(Story updated at 3:15 p.m. Eastern time)
U.S. Rep. Doris Matsui (D-Calif.) had heard that mental healthcare providers were reluctant to share patients' information with their family and caregivers even when it was in their best interest to do so. She has introduced a new bill aimed at ending those privacy concerns.
Matsui said that her bill will codify the content of a 2014 guidance (PDF) issued by HHS' Office for Civil Rights without amending the Health Insurance Portability and Accountability Act. It will also promote better understanding of what the privacy law allows—which will give providers confidence in using their discretion in delicate situations.
“Where a patient is present and has the capacity to make healthcare decisions, healthcare providers may communicate with a patient's family members, friends or other persons the patient has involved in his or her healthcare or payment for care, so long as the patient does not object,” HHS stated in the guidance. “Where a patient is not present or is incapacitated, a healthcare provider may share the patient's information with family, friends or others involved in the patient's care or payment for care, as long as the healthcare provider determines, based on professional judgment, that doing so is in the best interests of the patient.”
Matsui said that, despite this guidance, providers often withheld vital information from families because they thought that sharing it would be a HIPAA violation.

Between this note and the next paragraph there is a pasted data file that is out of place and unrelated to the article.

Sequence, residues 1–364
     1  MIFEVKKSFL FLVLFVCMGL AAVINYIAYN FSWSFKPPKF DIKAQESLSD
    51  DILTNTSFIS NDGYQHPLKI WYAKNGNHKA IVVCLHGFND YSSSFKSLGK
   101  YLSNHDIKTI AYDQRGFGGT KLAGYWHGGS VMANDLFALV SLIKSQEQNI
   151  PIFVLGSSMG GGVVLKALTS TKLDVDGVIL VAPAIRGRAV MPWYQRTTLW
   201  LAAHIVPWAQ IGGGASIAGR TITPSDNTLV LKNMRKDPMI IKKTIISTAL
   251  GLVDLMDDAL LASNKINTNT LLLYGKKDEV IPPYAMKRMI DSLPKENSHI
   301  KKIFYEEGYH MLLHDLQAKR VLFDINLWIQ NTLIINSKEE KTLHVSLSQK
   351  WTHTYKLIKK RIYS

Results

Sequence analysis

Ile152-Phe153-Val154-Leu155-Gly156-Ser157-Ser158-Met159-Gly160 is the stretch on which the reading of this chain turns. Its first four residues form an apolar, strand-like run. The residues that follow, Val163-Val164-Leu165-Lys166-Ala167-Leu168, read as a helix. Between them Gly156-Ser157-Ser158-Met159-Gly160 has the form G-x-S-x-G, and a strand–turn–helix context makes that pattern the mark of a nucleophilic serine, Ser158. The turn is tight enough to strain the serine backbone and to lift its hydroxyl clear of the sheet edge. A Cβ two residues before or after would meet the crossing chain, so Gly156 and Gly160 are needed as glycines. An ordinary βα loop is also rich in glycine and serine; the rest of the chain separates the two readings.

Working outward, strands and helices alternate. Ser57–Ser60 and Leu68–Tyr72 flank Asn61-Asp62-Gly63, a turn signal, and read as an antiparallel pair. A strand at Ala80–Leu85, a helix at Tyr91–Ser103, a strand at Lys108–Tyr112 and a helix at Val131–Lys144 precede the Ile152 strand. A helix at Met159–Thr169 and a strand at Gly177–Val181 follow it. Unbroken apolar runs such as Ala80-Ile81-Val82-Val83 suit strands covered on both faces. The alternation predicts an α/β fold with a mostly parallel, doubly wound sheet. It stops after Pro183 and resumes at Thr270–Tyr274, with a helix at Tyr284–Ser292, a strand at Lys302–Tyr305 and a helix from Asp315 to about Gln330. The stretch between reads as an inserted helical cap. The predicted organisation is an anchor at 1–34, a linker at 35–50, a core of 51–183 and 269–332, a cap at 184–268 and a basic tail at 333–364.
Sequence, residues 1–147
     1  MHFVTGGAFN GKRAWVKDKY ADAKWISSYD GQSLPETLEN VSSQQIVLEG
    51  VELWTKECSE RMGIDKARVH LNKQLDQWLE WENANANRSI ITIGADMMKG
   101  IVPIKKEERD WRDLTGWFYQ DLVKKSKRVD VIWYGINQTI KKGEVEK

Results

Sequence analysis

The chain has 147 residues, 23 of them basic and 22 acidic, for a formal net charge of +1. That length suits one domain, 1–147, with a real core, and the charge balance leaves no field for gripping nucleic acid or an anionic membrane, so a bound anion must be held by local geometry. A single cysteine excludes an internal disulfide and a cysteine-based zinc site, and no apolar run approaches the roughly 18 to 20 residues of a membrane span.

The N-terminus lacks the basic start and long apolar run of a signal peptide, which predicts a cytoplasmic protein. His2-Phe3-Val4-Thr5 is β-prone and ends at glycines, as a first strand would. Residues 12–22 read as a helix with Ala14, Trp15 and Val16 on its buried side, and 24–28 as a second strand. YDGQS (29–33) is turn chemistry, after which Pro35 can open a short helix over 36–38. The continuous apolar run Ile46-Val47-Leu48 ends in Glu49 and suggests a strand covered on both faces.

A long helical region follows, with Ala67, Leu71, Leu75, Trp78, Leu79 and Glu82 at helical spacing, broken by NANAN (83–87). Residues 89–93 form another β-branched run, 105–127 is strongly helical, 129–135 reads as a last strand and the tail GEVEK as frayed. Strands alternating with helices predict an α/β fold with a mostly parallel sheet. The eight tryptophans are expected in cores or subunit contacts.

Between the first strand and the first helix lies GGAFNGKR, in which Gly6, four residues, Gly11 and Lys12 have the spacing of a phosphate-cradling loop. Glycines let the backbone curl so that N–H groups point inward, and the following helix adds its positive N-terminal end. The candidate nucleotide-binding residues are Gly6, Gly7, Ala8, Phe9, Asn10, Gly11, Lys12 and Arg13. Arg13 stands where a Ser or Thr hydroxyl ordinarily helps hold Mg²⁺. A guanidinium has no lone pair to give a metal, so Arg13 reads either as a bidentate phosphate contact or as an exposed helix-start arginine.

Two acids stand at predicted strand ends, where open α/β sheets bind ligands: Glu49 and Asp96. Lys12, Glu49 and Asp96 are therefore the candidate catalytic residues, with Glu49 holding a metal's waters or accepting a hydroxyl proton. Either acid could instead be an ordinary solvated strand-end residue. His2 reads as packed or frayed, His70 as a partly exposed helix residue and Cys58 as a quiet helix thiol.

“I have heard heartbreaking stories from physicians and other providers who wanted to share information with patients' families during mental health crises, but felt that they weren't able to under HIPAA,” Matsui said. “However, (HHS') Office for Civil Rights' guidance outlines that in many cases, under the HIPAA law, the provider does have the discretion to share patients' information when it is in the patients' best interest to do so.”
The bill also provides $5 million for fiscal 2016 and $25 million to be used between fiscal 2017 and fiscal 2022 to develop model training programs for healthcare providers, legal professionals and patients and their families. The programs would educate the three groups on the privacy and security rules governing standards on sharing identifiable health information and what type of protected information regarding mental illness can be disclosed with or without patient consent.
Matsui's proposal has the support of a wide spectrum of mental health advocacy groups, including the Bazelon Center for Mental Health Law, which has promoted strong patient privacy protections.
Other supporters include the American Psychological Association, American Psychiatric Association, National Council for Behavioral Health, National Disability Rights Network, Treatment Advocacy Center, Mental Health Association of California and California Council of Community Mental Health Agencies.